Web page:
A new funding stream for child development centers on military bases aims to at least start to address problems with lack of enough child care spaces for military families, and what one senator describes as some “dilapidated” facilities.

Provisions included in the sweeping defense policy bill unveiled this week would provide about $121 million for child development centers, giving the service branches the flexibility to determine where the dollars are needed first.

The bill, which is being considered by the House and the Senate, lays out $62.4 million for unspecified centers for the Navy; $31.5 million for the Air Force; and $27 million for the Army. Within 90 days after the bill becomes law, the services will provide a list of the projects they propose to start to the defense committees.

For years, military leaders have said the common thread they hear when visiting service members is the lack of available and affordable child care.

There’s a wide range of needs in child development centers, said Sen. Patty Murray, D-Wash., who pushed for the funding. Some are in good condition, but just don’t have enough space. Others are in bad need of repair, she said, adding that “it’s really appalling,” describing some as dilapidated.

“As a former preschool teacher, I was appalled at what we are asking parents to leave their kids in,” said Murray, who visited child development centers at Bangor, which is part of Naval Base Kitsap, and Fairchild Air Force Base earlier this year. At Bangor, she said, pre-schoolers had to walk outside the facility to get to a restroom; there was paint peeling on walls; and children were crowded on the floor at nap time.

“It’s not a good learning environment, it’s not a good care environment, and I have been determined to make a difference with that,” she said. She worked to get these items in the defense bill “ so that our military can move forward with the resources they need to focus on this.”

Murray said she has long been concerned about the lack of available child care and the impact on the readiness of military members. A key part of readiness, she said, “is that they know their kids are in a safe place, in terms of child care.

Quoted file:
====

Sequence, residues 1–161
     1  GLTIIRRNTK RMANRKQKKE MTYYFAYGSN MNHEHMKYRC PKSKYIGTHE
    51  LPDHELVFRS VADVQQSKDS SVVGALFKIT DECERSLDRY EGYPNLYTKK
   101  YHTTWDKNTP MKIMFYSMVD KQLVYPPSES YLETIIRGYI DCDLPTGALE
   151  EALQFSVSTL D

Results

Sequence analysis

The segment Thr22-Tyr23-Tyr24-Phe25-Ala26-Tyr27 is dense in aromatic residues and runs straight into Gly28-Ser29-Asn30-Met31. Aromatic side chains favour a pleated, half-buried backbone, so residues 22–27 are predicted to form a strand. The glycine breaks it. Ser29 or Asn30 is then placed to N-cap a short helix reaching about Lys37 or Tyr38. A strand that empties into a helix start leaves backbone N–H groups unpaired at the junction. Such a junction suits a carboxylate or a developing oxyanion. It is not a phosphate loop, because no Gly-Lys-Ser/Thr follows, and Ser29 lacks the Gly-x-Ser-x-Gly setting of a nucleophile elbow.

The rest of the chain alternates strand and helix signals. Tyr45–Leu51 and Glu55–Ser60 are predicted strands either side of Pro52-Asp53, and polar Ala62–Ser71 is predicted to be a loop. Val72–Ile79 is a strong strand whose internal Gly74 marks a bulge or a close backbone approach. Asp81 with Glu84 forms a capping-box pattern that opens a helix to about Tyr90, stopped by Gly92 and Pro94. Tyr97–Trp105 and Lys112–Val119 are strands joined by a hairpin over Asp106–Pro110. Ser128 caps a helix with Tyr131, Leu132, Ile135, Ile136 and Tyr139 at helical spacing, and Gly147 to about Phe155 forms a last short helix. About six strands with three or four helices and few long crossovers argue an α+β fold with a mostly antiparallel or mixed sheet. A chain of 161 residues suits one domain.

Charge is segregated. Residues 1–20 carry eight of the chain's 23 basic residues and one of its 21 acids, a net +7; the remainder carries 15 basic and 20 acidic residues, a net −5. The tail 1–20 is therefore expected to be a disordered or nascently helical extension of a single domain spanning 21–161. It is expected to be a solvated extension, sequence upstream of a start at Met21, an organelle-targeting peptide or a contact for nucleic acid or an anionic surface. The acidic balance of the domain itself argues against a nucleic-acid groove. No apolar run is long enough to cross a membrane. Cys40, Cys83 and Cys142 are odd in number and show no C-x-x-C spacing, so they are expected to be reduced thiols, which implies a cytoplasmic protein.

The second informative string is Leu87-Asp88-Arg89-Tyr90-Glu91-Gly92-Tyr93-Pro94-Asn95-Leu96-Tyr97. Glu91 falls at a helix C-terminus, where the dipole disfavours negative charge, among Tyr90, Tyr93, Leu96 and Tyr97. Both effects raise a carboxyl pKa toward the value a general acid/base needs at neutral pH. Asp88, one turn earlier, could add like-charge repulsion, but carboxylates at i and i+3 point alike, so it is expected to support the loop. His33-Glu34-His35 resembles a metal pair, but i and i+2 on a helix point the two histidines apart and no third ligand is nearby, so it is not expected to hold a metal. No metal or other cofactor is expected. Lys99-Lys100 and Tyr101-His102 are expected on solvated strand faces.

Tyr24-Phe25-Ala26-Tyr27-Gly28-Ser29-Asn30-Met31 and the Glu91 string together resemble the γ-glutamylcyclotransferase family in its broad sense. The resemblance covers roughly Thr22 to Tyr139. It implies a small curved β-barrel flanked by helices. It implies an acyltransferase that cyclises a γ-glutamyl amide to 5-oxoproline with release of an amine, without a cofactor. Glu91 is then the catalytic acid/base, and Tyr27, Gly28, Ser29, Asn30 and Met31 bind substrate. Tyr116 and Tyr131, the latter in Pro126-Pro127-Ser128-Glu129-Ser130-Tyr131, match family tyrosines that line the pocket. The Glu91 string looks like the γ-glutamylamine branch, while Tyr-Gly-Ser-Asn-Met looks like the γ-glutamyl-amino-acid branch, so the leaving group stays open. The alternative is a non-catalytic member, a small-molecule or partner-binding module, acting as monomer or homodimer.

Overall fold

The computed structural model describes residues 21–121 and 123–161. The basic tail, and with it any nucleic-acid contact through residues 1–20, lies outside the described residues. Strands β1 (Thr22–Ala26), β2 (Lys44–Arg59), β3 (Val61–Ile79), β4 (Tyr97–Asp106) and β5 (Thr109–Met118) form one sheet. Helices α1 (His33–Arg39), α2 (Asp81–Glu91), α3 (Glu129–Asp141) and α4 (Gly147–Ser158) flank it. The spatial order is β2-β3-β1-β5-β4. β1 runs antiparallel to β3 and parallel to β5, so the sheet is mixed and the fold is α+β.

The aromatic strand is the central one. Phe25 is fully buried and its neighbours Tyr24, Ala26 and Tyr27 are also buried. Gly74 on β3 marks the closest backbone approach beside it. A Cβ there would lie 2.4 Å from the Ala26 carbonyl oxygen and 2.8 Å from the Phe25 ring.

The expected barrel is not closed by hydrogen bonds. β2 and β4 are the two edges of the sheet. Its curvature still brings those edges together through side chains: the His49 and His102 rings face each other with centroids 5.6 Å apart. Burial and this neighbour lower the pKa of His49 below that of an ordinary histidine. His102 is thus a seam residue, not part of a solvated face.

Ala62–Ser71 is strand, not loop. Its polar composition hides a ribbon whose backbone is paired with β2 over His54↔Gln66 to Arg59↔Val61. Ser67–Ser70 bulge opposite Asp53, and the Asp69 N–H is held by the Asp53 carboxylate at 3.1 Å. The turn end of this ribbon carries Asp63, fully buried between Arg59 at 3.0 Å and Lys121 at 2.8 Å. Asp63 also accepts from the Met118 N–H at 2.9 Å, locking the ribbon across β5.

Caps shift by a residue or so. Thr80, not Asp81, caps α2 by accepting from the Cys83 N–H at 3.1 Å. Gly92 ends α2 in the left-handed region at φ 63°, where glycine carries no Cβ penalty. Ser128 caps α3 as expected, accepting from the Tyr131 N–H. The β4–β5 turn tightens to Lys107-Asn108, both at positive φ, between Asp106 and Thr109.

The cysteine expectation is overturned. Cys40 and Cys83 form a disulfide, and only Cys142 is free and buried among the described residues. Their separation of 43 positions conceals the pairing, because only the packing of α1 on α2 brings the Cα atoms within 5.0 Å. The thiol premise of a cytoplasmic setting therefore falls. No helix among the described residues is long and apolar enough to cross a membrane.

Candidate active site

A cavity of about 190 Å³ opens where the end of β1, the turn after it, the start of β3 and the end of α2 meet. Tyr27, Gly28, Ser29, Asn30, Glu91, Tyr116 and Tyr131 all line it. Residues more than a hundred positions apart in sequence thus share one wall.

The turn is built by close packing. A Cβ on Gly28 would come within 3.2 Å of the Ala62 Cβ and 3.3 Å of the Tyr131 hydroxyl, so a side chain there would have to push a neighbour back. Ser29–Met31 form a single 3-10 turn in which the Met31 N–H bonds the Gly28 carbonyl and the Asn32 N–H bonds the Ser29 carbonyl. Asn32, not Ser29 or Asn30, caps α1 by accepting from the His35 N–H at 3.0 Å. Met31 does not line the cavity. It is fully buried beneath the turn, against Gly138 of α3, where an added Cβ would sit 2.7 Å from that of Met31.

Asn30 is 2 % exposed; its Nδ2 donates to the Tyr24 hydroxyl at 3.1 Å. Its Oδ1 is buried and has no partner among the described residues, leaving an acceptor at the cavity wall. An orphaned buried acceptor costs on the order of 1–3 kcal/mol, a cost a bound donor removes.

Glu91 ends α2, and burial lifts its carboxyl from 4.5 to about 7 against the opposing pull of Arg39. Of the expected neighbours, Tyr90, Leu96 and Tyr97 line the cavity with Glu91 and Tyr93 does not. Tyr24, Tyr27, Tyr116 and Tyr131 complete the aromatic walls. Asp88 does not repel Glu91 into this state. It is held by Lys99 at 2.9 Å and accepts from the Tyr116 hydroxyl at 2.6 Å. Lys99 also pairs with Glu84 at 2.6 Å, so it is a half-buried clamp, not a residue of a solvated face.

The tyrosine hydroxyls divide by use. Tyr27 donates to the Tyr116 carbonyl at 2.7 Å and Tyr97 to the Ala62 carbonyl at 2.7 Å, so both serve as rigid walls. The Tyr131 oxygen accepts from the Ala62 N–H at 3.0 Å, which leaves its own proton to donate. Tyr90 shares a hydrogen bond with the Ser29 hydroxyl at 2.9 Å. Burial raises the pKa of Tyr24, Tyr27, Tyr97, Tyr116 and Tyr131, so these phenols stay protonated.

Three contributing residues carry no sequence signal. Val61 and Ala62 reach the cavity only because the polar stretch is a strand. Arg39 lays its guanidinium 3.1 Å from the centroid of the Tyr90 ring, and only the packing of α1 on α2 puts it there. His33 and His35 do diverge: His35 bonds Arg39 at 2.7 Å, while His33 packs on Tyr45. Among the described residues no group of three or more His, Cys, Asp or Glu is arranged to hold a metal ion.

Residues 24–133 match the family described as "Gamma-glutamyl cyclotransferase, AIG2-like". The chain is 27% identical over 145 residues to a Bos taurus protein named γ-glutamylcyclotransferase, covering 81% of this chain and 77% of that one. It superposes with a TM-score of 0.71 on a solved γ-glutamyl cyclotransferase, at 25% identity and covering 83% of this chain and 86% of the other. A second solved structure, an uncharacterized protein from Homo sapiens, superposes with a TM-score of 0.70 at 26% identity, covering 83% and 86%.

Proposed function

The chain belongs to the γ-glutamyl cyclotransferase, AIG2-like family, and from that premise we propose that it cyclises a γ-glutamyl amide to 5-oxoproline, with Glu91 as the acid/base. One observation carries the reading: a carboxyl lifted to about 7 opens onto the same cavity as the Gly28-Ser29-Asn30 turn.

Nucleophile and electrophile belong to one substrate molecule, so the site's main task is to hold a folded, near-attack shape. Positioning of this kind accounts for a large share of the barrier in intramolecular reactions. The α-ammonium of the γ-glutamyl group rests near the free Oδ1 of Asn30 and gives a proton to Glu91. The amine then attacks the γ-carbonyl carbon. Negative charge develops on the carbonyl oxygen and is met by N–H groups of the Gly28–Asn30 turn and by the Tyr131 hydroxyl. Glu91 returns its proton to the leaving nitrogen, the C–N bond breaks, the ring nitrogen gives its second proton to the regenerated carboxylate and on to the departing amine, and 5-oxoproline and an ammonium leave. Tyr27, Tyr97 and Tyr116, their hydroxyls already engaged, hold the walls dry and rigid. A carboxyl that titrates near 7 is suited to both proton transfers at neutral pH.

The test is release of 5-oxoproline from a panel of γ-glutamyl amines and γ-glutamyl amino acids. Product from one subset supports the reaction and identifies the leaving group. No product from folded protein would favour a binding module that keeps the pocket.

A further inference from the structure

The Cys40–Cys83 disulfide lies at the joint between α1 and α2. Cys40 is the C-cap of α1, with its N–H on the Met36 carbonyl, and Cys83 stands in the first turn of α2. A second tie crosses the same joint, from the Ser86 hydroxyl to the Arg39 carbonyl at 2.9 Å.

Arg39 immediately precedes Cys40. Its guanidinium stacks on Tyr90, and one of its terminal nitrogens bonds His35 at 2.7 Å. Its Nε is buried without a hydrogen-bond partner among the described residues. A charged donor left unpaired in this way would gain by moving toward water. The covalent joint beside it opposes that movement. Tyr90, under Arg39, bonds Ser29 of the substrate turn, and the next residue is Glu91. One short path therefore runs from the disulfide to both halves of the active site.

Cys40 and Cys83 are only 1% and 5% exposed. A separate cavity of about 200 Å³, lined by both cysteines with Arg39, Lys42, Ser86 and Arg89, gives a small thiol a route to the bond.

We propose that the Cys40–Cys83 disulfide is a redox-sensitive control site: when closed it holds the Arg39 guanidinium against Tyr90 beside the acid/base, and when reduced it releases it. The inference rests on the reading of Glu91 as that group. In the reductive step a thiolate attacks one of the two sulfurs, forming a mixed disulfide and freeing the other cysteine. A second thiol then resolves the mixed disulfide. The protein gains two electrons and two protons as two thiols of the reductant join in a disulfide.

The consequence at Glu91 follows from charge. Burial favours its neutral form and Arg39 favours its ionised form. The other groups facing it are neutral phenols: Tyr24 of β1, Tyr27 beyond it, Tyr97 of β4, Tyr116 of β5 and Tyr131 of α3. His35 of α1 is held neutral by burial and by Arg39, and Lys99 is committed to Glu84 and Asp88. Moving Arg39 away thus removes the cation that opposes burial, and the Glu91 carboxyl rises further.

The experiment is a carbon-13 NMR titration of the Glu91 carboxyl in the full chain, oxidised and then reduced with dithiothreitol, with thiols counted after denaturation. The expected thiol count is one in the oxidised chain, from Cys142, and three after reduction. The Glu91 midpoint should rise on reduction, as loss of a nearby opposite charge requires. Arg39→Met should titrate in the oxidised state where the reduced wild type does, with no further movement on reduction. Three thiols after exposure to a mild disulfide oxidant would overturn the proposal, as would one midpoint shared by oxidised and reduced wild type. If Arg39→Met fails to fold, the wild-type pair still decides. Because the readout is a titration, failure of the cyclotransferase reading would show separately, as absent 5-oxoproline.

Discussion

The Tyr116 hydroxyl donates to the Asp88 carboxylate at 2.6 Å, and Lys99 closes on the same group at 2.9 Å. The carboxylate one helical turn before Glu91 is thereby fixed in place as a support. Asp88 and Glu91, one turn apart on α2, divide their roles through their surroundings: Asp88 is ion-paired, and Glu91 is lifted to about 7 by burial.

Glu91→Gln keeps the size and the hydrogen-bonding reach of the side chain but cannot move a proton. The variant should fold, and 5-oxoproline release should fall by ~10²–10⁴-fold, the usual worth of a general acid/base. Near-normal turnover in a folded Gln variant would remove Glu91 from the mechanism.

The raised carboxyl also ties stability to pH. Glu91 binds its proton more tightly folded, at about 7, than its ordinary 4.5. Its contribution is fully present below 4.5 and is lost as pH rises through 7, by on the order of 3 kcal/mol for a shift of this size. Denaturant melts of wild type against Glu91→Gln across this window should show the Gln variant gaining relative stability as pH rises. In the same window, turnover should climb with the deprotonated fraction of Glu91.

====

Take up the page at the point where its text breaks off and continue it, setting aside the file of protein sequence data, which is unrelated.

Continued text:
A long-standing problem is the lack of enough child care spaces in some locations. Murray said she talked to one spouse who spends an hour on the road in the morning and in the evenings to get to the child care facility off base.

In addition to specific requests for projects for the few child development centers that are included in the administration’s budget request, this pumps more money into child development centers and gives the services the flexibility to determine where the money is needed first. The dollars could be used for a variety of construction needs, whether building, expanding or improving.

“Different bases have different needs,” Murray said. “ The services have to put together a list of priorities. They know their bases and where their needs are.”

The National Military Family Association “is pleased that Congress recognizes there’s a more immediate need” for addressing child care needs, said Nicole Russell, deputy director for children and youth for the nonprofit organization.

Murray acknowledged that this funding is a start – “something we’ve never had before.”

For today’s military, where both spouses are working in many families, and need child care, this funding “is a really great step forward for the military that we have today, not yesterday,” Murray said.

Karen has covered military families, quality of life and consumer issues for Military Times for more than 30 years, and is co-author of a chapter on media coverage of military families in the book "A Battle Plan for Supporting Military Families." She previously worked for newspapers in Guam, Norfolk, Jacksonville, Fla., and Athens, Ga.

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